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Platform lifts function in a basic way that entails the raising or lowering of platforms, and they are usually installed in limited spaces where passenger lifts cannot fit. They take different forms but are primarily used in areas with potential government restrictions such as low-rise buildings. The lifts are becoming popular additions to buildings as they’re cost-effective and easy to install.


For a clear understanding of how they operate, you must first learn their basic functions.


Flexstep Incline Step Lift

These types of lifts are installed on either side of the steps to assist users in accessing another storey while leaving the steps clear for other people. They provide a travel distance of about one metre and can either be used indoors or outdoors.


Flexstep Incline Step Lift

These lifts are designed to help wheelchair users to access another level in a building using a stairlift fitted with a level platform. The platform is usually installed on the side of the staircase that has a wall. They are suitable for various situations, including indoors and outdoors. And they can be used in curved or straight staircases with numerous turns or landings.


Vertical Platform Lift

These types of lifts are similar to the common enclosed lifts, but they don’t have the same travel height, speed or capacity, making them apt for small domestic buildings. This lift does not demand plenty of building alterations when compared to the traditional lift. It’s installed on a wall and comes in versatile designs.


The drive systems used in platform lifts come in three types, each with unique benefits, shortcomings and designed to different specifications. Modern lifts are fitted with an electronically operated Central Processing Unit (CPU), which moves the platform between different levels or initiates the motors.

Hydraulic drive system

For this type of system, the platform is attached to a hydraulic structure. To move the lift up or down, a button is pushed for the hydraulic fluid to be pumped from a reservoir into the structure. The resulting pressure extends the structure causing the lift to rise. To lower the lift, the fluid flow is reversed.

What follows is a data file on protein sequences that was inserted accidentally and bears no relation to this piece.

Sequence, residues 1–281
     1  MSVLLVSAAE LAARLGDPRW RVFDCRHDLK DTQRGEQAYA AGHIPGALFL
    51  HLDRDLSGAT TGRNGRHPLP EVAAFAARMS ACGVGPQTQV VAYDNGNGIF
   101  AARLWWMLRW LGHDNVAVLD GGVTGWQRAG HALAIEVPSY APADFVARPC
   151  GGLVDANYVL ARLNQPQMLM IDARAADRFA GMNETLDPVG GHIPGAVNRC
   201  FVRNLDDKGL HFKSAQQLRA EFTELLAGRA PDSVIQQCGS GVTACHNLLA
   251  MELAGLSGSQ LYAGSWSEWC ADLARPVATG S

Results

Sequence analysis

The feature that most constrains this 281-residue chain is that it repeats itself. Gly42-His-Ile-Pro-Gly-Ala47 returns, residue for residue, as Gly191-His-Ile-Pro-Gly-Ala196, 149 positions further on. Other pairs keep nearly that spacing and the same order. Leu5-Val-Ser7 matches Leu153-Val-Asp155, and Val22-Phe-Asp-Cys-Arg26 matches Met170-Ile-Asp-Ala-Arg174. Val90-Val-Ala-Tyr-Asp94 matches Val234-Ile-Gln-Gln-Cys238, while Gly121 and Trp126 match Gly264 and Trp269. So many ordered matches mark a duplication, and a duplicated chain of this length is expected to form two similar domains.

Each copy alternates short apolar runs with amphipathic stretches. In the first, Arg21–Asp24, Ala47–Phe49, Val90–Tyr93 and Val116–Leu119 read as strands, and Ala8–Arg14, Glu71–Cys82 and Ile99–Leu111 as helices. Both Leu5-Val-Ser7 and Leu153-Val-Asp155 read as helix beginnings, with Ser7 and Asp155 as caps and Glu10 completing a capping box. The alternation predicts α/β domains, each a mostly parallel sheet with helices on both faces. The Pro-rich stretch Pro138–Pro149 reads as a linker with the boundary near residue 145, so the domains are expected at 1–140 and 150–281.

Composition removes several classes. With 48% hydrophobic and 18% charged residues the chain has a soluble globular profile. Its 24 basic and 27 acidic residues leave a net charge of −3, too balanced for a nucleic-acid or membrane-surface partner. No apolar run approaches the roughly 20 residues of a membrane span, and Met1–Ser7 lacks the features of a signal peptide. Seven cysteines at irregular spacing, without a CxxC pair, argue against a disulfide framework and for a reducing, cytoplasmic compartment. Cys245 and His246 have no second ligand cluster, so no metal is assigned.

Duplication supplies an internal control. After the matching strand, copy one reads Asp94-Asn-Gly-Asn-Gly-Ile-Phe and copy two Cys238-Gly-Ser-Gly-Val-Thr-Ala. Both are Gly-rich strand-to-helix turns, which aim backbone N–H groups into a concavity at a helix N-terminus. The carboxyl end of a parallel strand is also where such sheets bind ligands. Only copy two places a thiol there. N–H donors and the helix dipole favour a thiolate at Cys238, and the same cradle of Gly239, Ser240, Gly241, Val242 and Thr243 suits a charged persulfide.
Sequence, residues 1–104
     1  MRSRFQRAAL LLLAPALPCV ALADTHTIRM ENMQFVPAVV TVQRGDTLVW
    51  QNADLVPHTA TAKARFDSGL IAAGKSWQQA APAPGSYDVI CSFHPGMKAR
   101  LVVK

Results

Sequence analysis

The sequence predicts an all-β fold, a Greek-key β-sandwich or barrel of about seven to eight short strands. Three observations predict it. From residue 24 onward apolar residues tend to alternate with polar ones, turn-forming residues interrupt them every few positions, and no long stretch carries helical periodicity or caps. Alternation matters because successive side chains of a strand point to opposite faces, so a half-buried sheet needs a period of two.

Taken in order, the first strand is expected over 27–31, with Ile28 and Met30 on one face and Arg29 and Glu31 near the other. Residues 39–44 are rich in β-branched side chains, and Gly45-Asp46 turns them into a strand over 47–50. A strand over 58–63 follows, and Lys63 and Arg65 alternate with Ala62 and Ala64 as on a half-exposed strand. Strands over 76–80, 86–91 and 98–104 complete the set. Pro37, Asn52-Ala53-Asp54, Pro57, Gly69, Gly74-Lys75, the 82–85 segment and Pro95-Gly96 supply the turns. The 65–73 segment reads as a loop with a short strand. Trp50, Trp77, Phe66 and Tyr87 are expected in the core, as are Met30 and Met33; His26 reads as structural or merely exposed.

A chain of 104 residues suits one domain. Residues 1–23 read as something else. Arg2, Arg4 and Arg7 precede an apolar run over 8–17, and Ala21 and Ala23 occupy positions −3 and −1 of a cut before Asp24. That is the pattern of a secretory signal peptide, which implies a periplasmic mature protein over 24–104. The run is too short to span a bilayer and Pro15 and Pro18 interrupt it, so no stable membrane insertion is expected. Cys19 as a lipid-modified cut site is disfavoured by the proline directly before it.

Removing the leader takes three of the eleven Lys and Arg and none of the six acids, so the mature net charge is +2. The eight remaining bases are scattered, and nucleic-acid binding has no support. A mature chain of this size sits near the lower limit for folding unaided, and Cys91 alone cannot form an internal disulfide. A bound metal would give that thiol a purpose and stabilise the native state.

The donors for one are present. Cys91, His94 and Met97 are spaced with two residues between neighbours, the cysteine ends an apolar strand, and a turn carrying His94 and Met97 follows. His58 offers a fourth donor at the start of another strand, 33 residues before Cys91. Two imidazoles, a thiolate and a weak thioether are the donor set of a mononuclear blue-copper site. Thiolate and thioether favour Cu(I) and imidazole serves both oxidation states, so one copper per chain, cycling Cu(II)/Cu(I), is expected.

This system requires extra space for the mechanism to be properly installed. Also, the hydraulic fluid can release a strong odour, especially in hot weather.

Screw and nut system

This system uses a vertical screw pole with the same length as the beam. The platform is fitted with a motor that drives a nut installed to the screw. The lift goes up or down when the nut is turned by the motor, depending on the turning direction. Installation is often done on a supporting wall to stabilise the unit, especially if the travel shifts will be longer.

The drive nut and screw pole threads are susceptible to wear and tear, hence why they include an automated mechanism to facilitate routine lubrication.

Encapsulated chain system

This drive system utilises a chain covered with a unique casing to ensure that it doesn’t slip. The casing is highly-durable and made from polyurethane plastic. A gearbox and motor turn the shaft attached to the chain. The chain is either pushed or pulled as the driveshaft rotates, moving the lift up or down.

The highly durable materials used to make the components guarantee a longer lifespan for the drive system.


Platform lifts come with numerous features for customisation purposes. But they all operate using the screw and nut, encapsulated chain or hydraulic drive system. Self-lubricating features enable the machine to lubricate the gears when the lift goes down. As a result, this ensures that all the gears and threads are automatically serviced each time the lift is used.